On Being a Feminist in Election Season

There are many reasons to be all sorts of disheartened and frustrated during election season. Being a voting, civic-minded feminist trying to stick to principles without having your brain explode can be one of them. 

First, you’re usually left picking from among a pool of predominantly white, rich men. This, of course, is shifting and more women and minorities and openly gay candidates are on the field. However, particularly for presidential elections, the season serves as yet another reminder that Liberia has a woman president and we never have. Elections for Congress are no comfort on that front, either: women make up 17% of our representatives. Whoa. I mean, even Iraq’s quota-enforced 25% has us beat on that.

It also serves as a sad reminder that it’s wildly uncool to be a feminist. No presidential candidate would stand up in front of a rally and say “This is what a feminist looks like!” Unless that candidate’s actual goal was not to get elected. So while it’s perfectly standard for candidates to run on platforms that essentially attack women’s rights, it’s never kosher to publicly ally oneself with something like feminism. 

But the frustrations aren’t over. Like with Sarah Palin last election and Michele Bachmann this election, there is the painful truth of exactly why women in power is such a tricky business. Because, honestly, there is no good and decent universe in which people like those two deserve to be put into power. Stats and percentages and women on the campaign trail in their pantsuits are not enough. As a feminist, you also have to recognize that it’s not about just women in power, it’s about women’s rights in power. It’s about having genuine feminism and progressivism as political goals.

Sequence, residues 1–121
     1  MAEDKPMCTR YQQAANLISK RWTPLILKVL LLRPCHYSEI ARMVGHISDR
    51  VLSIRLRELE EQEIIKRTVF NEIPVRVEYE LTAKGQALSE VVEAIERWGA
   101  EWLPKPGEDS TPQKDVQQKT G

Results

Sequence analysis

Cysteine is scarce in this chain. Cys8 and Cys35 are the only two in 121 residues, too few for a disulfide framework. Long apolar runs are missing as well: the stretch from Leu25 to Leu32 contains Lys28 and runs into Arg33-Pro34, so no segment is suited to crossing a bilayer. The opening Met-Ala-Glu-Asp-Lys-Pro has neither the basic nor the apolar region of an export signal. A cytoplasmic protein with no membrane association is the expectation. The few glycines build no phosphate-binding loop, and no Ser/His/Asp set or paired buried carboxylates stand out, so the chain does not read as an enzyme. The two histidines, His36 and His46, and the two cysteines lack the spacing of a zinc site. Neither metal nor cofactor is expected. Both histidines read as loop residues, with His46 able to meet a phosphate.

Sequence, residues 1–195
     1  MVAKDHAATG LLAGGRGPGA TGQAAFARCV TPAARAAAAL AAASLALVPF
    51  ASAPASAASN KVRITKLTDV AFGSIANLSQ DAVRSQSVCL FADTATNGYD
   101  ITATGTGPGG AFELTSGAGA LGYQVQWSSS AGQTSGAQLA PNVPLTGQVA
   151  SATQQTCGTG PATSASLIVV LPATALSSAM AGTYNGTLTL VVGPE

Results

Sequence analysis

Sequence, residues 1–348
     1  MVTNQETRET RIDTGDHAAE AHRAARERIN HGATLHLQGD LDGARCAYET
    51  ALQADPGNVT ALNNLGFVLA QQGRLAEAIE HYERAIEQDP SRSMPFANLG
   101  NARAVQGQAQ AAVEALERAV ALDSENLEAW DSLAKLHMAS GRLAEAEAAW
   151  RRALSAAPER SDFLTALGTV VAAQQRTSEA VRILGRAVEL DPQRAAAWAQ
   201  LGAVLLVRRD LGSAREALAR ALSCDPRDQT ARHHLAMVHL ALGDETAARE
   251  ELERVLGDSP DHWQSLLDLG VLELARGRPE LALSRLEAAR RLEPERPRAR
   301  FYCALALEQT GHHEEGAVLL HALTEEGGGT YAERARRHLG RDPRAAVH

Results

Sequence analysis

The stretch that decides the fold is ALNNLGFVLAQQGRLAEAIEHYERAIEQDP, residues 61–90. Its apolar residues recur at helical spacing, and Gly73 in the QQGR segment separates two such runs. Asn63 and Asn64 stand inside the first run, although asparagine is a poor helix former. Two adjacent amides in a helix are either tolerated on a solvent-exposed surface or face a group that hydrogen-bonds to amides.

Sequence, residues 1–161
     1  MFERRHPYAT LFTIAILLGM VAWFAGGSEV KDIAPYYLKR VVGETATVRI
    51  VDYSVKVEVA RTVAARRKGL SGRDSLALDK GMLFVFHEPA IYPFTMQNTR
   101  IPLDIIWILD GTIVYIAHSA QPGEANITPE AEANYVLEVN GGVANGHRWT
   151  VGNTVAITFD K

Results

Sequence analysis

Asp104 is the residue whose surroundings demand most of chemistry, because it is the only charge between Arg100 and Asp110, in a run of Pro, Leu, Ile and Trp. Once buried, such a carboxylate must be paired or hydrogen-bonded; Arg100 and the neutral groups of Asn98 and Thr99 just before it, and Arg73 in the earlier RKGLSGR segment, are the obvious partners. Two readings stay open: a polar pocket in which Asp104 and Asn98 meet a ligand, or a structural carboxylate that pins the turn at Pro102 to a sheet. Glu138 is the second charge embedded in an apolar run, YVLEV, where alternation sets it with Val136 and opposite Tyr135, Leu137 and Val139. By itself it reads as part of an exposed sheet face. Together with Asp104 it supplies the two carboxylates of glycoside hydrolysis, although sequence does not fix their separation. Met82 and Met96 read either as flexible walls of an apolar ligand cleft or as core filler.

One of the most difficult things for me as a feminist in election season is found in the tricky waters of how the women who are in politics are treated both by the media, the public and their colleagues. How do you make it heard within the system that referring to women with foreign policy power as harpies, talking about “playing the gender card”, and discussing in-depth the fashion choices of female candidates isn’t alright? Where do I go to vote no on all of that? When people start treating the Michele Bachmanns and Sarah Palins in a sexist manner, it’s my job as a feminist to call that out, not my job as a registered Democrat to pile on in the name of the party. That can and has put me in an unpopular position: the Democrat who defends people like Palin and Bachmann against the voices of people on whose side I am supposed to be. Except forever and always, the side I will be on is the side of feminism, and that continually excludes me from joining in carelessly with a lot of mainstream rhetoric and sentiment during election season.

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    thiiiiis. Some guy was going to door-to-door campaigning for Generic White Republican candidate and I asked him, point...
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    I self-identify as feminist as well. (Sidebar: Should a dude even do that? Even as he sometimes uses products that run...
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